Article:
He made a more explicit defence of his tea-mug (again irreplaceable, in wartime conditions) by attaching it with a combination lock to a Hut 8 radiator pipe. But it was picked, to tease him.

Trousers held up by string, pyjama jacket under his sports coat – the stories, whether true or not, went the rounds. And now that he was in a position of authority, the nervousness of his manner was more open to comment. There was his voice, liable to stall in mid-sentence with a tense, high-pitched ‘Ah-ah-ah-ah-ah’ while he fished, his brain almost visibly labouring away, for the right expression, meanwhile preventing interruption. The word, when it came, might be an unexpected one, a homely analogy, slang expression, pun or wild scheme or rude suggestion accompanied with his machine-like laugh; bold but not with the coarseness of one who had seen it all and been disillusioned, but with the sharpness of one seeing it through strangely fresh eyes. ‘Schoolboyish’ was the only word they had for it. Once a personnel form came round the Huts, and some joker filled in for him, ‘Turing A.M. Age 21’, but others, including Joan, said it should be ‘Age 16’...

It was demeaning, but the repetition of superficial anecdotes about his usually quite sensible solutions to life’s small challenges served the useful purpose of deflecting attention away from the more dangerous and difficult questions about what an Alan Turing might think about the world in which he lived. English ‘eccentricity’ served as a safety valve for those who doubted the general rules of society. More sensitive people at Bletchley were aware of layers of introspection and subtlety of manner that lay beneath the occasional funny stories. But perhaps he himself welcomed the chortling over his habits, which created a line of defence for himself, without a loss of integrity.

Glennie sometimes thought of Alan as Caliban, with his dark moods, sometimes gleeful, sometimes sulky, appearing in the laboratory on a somewhat random basis. He could be absurdly naive, as when bursting with laughter at a punning name that Glennie made up for an output routine: 'RITE'. To Cicely Popplewell he was a terrible boss, but on the other hand, there was no question of having to be polite or deferent to him – it was impossible. He was regarded as a local authority on mathematical methods; those who wanted a suggestion would just have to ask him straight out, and if they could keep his interest and patience, they might get a valuable hint... he was no world-standard mathematician, and it was often more amazing to the professional mathematician what he did not know, than what he did... indeed he had read very little mathematics since 1938.

Alan Turing presumably thought that eventually a machine would be capable of writing a book such as this [Hodge's biography of Turing]. In his 1951 radio talk, set against the opening of the Festival of Britain, he commented that ‘It is customary... to offer a grain of comfort, in the form of a statement that some peculiarly human characteristic could never be imitated by a machine. I cannot offer any such comfort, for I believe that no such bounds can be set.’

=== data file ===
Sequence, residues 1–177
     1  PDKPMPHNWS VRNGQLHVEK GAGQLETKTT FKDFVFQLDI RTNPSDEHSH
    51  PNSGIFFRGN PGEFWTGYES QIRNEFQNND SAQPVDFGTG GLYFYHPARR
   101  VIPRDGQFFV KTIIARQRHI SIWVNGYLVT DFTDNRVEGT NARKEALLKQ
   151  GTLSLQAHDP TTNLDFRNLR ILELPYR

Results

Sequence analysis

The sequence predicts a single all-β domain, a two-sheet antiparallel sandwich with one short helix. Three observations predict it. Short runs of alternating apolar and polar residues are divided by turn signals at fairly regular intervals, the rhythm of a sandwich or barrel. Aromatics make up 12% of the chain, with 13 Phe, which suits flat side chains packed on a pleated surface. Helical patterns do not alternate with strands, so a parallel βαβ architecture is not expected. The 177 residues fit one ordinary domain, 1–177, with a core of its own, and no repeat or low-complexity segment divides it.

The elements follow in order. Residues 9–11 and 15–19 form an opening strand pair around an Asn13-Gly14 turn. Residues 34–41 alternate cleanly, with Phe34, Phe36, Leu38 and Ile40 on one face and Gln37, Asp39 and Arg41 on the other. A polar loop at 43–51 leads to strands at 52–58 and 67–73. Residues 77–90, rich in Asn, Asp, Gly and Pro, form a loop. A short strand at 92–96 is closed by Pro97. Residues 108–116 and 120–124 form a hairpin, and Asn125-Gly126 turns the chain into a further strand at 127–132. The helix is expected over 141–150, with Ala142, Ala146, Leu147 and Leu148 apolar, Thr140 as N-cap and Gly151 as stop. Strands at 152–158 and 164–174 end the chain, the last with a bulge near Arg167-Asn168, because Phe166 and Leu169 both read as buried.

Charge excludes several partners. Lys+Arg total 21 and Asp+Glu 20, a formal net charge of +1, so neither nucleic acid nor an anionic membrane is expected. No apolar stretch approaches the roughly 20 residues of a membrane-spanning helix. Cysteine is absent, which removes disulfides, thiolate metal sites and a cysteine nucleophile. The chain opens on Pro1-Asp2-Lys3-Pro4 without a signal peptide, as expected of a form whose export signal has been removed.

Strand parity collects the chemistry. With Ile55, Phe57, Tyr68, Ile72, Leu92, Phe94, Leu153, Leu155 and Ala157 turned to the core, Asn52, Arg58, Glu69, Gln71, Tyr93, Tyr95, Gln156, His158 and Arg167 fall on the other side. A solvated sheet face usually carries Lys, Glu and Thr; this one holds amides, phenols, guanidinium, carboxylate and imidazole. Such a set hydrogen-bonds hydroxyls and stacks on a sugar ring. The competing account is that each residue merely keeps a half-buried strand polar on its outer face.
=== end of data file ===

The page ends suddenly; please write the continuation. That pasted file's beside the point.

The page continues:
In an end-of-term sing-song [at Sherborne, when Turing was 12], the following couplet described him:
Turing’s fond of the football field For geometric problems the touch-lines yield
... another verse had him ‘watching the daisies grow’ during hockey... although intended as a joke against his dreamy passivity, there might have been a truth in the observation.

[20 years later] ...One day he and Joan were lying on the Bletchley lawn looking at the daisies... Alan produced a fir cone from his pocket, on which the Fibonacci numbers could be traced rather clearly, but the same idea could also be taken to apply to the florets of the daisy flower.

[30 years later] ...he was trying out on the computer the solution of the very difficult differential equations that arose when [one] followed the chemical theory of [plant] morphogenesis beyond the moment of budding... it also required some rather sophisticated applied mathematics, which involved the use of ‘operators’ rather as in quantum mechanics. Numerical analysis was also important... In this it was like a private atomic bomb, the computer in both cases following the development of interacting fluid waves.

...he also developed a purely descriptive theory of leaf-arrangement... using matrices to represent the winding of spirals of leaves or seeds round a stem or flower-head... The intention was that ultimately these two approaches would join up when he found a system of equations that would generate the Fibonacci patterns expressed by his matrices.

...Such observations reflected an insight gained from... [a program called] ‘Outline of Development of the Daisy’. He had quite literally been ‘watching the daisies grow’... on his universal machine.

[Tarski and I both stress] the great importance of the concept of... Turing's computability... this importance is largely due to the fact that, with this concept, one has for the first time succeeded in giving an absolute notion to an interesting epistemological notion, i.e., one not depending on the formalism chosen

Going even further, modern papers sometimes employ the usage of 'turing machine'. Sinking without a capital letter into the collective mathematical consciousness (as with the 'abelian group', or the 'riemannian manifold') is probably the best that science can offer in the way of canonisation.